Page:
Surveillance and epidemic modeling were used to study chronic wasting disease (CWD), a transmissible spongiform encephalopathy that occurs naturally among sympatric, free-ranging deer (Odocoileus spp.) and Rocky Mountain elk (Cervus elaphus nelsoni) populations in contiguous portions of northeastern Colorado and southeastern Wyoming (USA). We used clinical case submissions to identify endemic areas, then used immunohistochemistry to detect CWD-infected individuals among 5,513 deer and elk sampled via geographically-focused random surveys. Estimated overall prevalence (prevalence, 95% confidence interval) in mule deer (4.9%, 4.1 to 5.7%) was higher than in white-tailed deer (2.1%, 0.5 to 3.4%) or elk (0.5%, 0.001 to 1%) in endemic areas; CWD was not detected in outlying portions of either state. Within species, CWD prevalence varied widely among biologically- or geographically-segregated subpopulations within the 38,137 km2 endemic area but appeared stable over a 3-yr period. The number of clinical CWD cases submitted from an area was a poor predictor of local CWD prevalence, and prevalence was typically ≥1% before clinical cases were first detected in most areas. Under plausible transmission assumptions that mimicked field data, prevalence in epidemic models reached about 1% in 15 to 20 yr and about 15% in 37 to 50 yr. Models forecast population declines once prevalence exceeded about 5%. Both field and model data supported the importance of lateral transmission in CWD dynamics. Based on prevalence, spatial distribution, and modeling, we suggest CWD has been occurring in northeastern Colorado and southeastern Wyoming for >30 yr, and may be best represented as an epizootic with a protracted time-scale.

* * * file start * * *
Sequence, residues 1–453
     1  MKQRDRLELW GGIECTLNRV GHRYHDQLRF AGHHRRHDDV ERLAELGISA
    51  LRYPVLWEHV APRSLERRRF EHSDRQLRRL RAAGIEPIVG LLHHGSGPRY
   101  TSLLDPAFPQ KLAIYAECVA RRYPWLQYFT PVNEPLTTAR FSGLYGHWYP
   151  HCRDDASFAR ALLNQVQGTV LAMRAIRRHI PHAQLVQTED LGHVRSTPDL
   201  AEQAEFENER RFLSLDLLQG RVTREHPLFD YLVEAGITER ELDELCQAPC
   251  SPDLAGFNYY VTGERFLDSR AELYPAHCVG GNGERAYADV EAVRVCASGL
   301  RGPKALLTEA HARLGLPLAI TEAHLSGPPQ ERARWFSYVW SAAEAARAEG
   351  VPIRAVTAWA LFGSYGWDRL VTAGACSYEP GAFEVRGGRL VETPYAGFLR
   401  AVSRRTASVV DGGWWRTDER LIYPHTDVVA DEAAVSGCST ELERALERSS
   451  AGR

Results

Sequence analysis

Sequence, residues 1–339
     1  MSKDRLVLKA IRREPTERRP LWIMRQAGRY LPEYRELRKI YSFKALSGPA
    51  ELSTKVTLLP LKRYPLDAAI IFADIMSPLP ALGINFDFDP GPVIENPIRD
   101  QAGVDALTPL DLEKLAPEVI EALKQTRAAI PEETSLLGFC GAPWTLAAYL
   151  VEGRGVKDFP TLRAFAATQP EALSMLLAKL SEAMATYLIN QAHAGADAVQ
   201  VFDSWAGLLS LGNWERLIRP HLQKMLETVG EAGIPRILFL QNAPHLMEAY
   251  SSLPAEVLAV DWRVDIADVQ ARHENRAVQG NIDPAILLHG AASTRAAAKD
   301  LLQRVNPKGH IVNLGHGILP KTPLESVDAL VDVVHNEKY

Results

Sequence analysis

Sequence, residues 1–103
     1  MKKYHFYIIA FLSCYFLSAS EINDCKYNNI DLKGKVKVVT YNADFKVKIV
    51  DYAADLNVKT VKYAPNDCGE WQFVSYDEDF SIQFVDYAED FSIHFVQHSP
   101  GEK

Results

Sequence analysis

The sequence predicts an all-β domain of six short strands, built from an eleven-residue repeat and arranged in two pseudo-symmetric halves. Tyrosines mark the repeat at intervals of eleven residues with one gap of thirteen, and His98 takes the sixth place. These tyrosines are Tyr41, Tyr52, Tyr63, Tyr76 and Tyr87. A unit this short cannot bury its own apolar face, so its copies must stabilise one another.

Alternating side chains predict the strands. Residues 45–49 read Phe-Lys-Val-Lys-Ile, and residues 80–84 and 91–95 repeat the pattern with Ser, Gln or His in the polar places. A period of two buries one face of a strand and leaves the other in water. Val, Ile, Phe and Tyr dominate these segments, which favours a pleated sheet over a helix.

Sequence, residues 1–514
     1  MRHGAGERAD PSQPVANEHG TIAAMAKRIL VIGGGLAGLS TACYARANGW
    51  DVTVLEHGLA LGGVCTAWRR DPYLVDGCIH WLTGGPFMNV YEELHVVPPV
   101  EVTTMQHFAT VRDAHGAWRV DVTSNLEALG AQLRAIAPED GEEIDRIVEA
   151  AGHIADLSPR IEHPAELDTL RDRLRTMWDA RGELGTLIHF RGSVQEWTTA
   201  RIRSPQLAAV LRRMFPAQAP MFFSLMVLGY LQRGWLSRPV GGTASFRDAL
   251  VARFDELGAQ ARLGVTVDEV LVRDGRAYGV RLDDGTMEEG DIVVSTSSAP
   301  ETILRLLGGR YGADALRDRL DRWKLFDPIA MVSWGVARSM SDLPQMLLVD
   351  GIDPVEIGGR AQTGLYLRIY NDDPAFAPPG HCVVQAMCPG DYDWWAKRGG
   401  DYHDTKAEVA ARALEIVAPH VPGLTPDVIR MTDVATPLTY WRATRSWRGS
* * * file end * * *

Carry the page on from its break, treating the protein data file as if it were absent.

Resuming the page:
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Vol. 36 • No. 4